Iraq's most infamous prison is to be demolished and Washington's top military commander replaced.
According to Pentagon officials on Tuesday, Baghdad's Abu Ghraib prison will be closed for good by the US-selected interim administration in July, by which time US Lt General Ricardo Sanchez is expected to no longer be in Iraq.
Both the prison and Sanchez have been linked to a series of abuse scandals that shocked the world.
A Red Cross (ICRC) report had shown that US troops were keeping Iraqi prisoners naked and in darkness for days at Abu Ghraib throughout the general's 13-month command in the occupied country.
With special access to war zone prisons under international treaties, the ICRC's May report said mistreatment of prisoners "went beyond exceptional cases and might be considered as a practice tolerated by the coalition forces".
General Ricardo Sanchez has led
occupation forces for 13 months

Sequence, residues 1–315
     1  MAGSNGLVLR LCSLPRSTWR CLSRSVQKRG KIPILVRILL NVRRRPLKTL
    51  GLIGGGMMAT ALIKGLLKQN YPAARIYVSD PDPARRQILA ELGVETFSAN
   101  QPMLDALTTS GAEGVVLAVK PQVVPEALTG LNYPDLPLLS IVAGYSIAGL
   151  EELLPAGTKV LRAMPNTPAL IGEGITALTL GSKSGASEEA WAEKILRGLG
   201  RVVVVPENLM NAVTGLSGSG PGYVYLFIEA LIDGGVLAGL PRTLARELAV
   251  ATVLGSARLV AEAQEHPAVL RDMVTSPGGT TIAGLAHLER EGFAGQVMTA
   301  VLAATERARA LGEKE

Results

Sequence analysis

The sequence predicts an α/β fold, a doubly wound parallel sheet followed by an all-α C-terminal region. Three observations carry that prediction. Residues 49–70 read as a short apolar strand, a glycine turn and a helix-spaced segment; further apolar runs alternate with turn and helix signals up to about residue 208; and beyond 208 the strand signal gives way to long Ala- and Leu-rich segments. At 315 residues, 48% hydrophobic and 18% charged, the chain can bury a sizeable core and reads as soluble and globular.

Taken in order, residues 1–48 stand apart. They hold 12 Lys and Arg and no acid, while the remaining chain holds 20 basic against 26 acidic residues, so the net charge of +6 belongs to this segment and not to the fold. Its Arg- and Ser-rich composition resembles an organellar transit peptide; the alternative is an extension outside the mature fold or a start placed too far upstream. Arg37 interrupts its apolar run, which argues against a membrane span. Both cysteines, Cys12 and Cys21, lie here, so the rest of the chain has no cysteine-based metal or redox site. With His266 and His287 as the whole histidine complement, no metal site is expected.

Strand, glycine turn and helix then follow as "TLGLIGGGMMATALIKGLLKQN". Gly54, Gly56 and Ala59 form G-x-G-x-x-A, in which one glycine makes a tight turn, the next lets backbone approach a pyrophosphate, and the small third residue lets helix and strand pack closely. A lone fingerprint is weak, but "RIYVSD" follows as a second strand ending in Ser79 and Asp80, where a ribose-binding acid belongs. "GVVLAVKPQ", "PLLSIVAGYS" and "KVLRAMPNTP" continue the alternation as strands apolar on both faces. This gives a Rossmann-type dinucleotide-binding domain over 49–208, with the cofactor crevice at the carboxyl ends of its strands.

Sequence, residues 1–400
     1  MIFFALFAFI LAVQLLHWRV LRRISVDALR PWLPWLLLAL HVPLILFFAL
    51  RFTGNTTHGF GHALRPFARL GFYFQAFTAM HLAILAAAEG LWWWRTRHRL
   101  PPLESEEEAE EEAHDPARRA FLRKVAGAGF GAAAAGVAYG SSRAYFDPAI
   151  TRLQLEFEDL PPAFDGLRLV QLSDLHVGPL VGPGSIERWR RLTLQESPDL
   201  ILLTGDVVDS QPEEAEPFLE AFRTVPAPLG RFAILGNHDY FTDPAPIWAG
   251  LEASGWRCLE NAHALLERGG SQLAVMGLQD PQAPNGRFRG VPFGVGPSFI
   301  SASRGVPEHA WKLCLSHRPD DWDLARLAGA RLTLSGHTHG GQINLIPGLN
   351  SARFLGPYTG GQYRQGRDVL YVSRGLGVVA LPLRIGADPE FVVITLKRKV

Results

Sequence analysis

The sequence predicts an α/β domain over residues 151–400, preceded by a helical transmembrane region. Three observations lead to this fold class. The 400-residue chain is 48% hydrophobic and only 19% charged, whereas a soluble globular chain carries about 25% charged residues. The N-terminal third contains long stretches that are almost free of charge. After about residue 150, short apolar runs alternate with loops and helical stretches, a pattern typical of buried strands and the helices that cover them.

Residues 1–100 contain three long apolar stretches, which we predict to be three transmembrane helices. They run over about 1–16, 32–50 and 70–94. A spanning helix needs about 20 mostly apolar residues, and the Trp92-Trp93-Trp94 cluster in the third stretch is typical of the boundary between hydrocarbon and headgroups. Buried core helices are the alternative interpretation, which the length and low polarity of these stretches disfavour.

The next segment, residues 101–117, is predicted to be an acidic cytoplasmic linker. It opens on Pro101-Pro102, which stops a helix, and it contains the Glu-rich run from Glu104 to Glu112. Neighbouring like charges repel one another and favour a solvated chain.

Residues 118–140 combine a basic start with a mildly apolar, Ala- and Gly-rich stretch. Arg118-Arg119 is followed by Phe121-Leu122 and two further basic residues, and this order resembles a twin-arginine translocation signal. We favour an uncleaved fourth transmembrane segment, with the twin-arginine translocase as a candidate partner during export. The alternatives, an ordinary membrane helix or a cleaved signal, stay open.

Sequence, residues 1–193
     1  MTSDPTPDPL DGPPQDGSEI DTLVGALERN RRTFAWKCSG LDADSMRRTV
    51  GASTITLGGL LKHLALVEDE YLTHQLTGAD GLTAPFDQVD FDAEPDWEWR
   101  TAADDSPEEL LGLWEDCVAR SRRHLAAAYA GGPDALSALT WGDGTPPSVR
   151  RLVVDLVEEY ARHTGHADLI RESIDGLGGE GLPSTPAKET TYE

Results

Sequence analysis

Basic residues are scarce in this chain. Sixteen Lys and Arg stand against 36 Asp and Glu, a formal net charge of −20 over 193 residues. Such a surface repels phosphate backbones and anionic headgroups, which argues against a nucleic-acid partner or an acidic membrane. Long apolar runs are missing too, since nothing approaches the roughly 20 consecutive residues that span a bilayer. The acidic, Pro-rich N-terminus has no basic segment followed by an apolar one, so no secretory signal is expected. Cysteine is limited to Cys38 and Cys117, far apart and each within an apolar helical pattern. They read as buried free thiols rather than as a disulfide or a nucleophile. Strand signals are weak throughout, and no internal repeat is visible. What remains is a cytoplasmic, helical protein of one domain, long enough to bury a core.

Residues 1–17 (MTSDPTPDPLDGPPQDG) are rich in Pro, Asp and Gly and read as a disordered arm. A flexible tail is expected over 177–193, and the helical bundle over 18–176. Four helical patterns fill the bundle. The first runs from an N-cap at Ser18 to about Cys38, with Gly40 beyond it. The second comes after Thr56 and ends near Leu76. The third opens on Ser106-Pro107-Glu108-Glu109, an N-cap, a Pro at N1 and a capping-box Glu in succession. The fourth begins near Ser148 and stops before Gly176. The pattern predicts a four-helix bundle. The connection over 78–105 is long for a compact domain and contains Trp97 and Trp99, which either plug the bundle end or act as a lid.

But despite claims that it was only a few rogue jailers involved in abuse, some allege that the US top military official knew what was happening.
Although the US military has denied a report that Sanchez witnessed some abuse, a military police commander is to testify that the general most certainly did.
Last Saturday, The Washington Post quoted a military lawyer as saying Captain Donald Reese knew Sanchez and other senior military officers were aware of practices the Red Cross described as equal to torture.
The military lawyer, Capt Robert Shuck, is assigned to defend Staff Sgt Ivan "Chip" Frederick of the Army Reserve's 372nd Military Police Company.
Frederick is one of the seven members of the company facing criminal charges for abusing Iraqi inmates. Reese is the company commander.
However, the military insists Sanchez is to be replaced because he has already served 13 months in Iraq.